From 1915 onwards the Government began to make more and more use of the trade unions both in political and industrial questions. The general course of events was for the Government to initiate a particular piece of legislation without the coöperation of the trade unions, and then to amend its administration in order to admit the trade unions as partners. Thus the recruiting of men for the army was originally entrusted entirely to the administration of the staffs of the War Office, but it was found that this led to the crippling of essential industries by the sudden withdrawal of large bodies of skilled men, and also gave rise to a great deal of industrial unrest. Accordingly, trade unionists were invited to sit on the important committees dealing with recruitment, and in most of the chief industries the Government adopted the method of discussing recruitment with the representative bodies of employers and workmen. The mines, in particular, were practically excluded from the operations of the Military Service Acts, special colliery recruiting courts, composed of representatives of miners and mine-owners, with a Government chairman, being set up under the authority of the Home Office, to deal with the recruitment of miners for the army. In the munitions industries a scheme was put into operation in 1917 under which certain trade unions catering for skilled workers were allowed to issue “trade cards” to their members protecting them from military service, but this scheme met with a great deal of opposition from other trade unions as well as from the employers, and was dropped. In addition to participating in recruiting, trade unions during the war acted as the defenders of members whom they believed to be unjustly taken into the army, and concerned themselves with other cognate questions, such as the securing of civil rights to enlisted men.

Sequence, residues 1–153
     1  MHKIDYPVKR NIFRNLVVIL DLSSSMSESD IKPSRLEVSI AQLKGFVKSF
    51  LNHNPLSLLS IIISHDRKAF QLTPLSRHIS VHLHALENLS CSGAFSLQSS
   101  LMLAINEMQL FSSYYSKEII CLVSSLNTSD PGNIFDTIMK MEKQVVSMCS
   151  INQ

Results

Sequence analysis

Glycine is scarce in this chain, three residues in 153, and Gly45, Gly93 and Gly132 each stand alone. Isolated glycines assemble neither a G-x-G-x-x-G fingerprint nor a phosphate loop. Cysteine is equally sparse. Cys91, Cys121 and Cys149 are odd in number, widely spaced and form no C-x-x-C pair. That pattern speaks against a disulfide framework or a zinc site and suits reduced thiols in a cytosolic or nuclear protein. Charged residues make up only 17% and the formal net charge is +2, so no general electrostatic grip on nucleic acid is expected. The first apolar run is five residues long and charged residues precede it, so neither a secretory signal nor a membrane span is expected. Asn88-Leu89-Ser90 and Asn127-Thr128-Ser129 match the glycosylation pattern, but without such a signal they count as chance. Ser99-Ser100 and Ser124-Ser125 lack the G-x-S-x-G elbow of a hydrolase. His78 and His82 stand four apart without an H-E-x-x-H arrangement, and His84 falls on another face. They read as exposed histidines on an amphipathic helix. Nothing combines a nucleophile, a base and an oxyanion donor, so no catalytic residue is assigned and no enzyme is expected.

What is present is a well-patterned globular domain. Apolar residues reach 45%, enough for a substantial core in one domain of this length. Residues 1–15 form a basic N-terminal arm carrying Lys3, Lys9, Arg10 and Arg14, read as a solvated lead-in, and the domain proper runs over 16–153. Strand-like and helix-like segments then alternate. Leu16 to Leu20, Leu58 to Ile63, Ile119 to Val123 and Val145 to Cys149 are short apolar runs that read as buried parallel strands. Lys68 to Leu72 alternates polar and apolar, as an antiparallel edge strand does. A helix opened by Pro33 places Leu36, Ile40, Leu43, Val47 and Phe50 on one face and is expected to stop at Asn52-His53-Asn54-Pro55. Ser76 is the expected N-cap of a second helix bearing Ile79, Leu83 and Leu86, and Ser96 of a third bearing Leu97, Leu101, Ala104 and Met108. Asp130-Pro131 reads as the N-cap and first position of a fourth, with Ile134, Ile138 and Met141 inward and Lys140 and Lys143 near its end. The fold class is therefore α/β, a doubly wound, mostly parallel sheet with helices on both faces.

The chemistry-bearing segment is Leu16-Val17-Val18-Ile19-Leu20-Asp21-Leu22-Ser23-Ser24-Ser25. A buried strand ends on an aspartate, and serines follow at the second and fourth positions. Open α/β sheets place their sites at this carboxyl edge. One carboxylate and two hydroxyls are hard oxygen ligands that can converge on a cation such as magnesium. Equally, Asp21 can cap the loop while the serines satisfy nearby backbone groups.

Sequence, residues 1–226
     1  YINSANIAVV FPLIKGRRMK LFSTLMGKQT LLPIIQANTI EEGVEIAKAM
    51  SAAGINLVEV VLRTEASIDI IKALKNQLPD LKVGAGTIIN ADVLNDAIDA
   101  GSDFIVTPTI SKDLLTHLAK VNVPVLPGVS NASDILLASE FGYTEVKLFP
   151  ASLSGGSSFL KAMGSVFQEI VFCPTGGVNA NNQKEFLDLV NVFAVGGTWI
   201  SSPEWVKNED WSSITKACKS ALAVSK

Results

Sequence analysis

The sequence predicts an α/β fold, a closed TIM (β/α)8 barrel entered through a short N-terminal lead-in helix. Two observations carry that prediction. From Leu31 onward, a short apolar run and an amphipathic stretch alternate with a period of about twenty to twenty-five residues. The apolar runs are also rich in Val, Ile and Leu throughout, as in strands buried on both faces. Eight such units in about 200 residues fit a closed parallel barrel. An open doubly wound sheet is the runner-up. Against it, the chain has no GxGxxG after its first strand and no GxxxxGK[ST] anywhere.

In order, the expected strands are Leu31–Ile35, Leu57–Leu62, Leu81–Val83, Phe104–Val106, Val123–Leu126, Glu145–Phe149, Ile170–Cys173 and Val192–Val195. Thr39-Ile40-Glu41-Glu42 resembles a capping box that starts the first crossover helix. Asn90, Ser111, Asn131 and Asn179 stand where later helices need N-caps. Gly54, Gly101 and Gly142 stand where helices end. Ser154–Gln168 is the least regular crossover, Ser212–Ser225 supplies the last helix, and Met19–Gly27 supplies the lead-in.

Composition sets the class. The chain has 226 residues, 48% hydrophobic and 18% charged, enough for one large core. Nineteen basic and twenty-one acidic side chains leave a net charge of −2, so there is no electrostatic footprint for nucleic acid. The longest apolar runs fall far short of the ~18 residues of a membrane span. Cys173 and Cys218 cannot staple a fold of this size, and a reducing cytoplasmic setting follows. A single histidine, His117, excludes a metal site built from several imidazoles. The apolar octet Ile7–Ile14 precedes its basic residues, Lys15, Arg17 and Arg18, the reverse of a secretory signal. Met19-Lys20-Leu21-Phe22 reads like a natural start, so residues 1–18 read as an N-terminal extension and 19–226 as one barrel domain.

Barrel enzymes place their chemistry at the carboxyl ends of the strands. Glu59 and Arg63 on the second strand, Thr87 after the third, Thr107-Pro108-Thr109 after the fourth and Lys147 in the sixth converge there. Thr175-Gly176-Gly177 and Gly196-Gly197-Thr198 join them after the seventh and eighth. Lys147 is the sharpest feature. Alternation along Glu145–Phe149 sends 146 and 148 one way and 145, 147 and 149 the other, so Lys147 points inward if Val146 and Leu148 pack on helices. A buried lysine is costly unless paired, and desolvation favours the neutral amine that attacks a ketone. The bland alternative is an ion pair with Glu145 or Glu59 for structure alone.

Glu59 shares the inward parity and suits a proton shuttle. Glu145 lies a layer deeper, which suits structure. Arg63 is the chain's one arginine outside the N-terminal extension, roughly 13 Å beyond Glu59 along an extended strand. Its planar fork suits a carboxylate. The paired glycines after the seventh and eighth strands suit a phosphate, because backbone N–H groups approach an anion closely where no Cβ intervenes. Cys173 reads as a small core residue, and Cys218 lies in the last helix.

In the case of Government control of industry, the same progression is visible. The early cases of Government control were administered by civil servants, without official coöperation either by trade unions or employers' associations. Later the Government adopted the principle of consultation of the trades concerned through associations of employers, and many industries were administered under Government control by boards consisting of civil servants and

representatives of commercial interests. This was the most frequent form of control; but in two important industries, cotton and woollen textiles, the trade unions were taken into partnership. The Wool Control Board was set up in the autumn of 1917, after several experiments had failed, and consisted of eleven representatives each of the employers, the trade unions, and the War Office Contracts Department. It had a free hand in organizing the civilian trade in wool and in allocating supplies of wool—bought by the Government—to the various firms. The Cotton Control Board, set up a short time previously, was composed in a somewhat similar way. It administered the Raw Cotton Order, prohibiting the purchase of cotton except under licence, restricted the amount of machinery which was allowed to run upon work other than Government orders, and when the supplies of cotton were insufficient to keep all members of the industry in employment, the Board levied the firms which were working full time in order to pay allowances to unemployed workmen, thus putting into practice a principle on which many trade unions insist, namely that each industry should provide for the maintenance of its own reserve of labour. The Food Ministry, again, when reorganized by Lord Rhondda, set up a Consumers' Advisory Council, on which the trade unions were officially represented, and Food Vigilance Committees and War Pensions Committees were among the local bodies to which they regularly sent delegates.